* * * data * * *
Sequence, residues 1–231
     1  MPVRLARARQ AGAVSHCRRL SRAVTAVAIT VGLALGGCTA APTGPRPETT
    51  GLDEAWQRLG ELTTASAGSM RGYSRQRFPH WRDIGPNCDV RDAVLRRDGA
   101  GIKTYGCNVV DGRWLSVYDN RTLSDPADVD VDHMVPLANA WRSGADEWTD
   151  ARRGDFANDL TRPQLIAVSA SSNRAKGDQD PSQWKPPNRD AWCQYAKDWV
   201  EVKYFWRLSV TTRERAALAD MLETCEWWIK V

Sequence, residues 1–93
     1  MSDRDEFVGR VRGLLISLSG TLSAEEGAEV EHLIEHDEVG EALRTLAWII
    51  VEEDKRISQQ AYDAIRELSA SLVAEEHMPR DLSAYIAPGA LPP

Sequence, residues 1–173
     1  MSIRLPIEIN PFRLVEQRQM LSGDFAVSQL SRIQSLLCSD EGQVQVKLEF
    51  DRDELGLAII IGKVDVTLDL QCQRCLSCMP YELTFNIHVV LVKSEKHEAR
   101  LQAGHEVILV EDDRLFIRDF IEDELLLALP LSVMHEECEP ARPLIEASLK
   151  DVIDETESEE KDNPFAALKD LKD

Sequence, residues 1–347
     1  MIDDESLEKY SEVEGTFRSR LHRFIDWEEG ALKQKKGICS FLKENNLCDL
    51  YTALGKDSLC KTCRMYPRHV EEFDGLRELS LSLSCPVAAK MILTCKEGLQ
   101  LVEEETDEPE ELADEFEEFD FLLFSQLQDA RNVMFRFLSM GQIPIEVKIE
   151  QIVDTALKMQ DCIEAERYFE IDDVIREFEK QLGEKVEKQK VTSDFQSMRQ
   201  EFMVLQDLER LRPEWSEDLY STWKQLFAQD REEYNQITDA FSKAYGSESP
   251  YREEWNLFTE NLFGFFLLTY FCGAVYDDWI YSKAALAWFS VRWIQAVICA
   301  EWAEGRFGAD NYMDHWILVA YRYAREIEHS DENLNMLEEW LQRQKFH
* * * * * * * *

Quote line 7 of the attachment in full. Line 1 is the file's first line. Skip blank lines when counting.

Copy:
Sequence, residues 1–93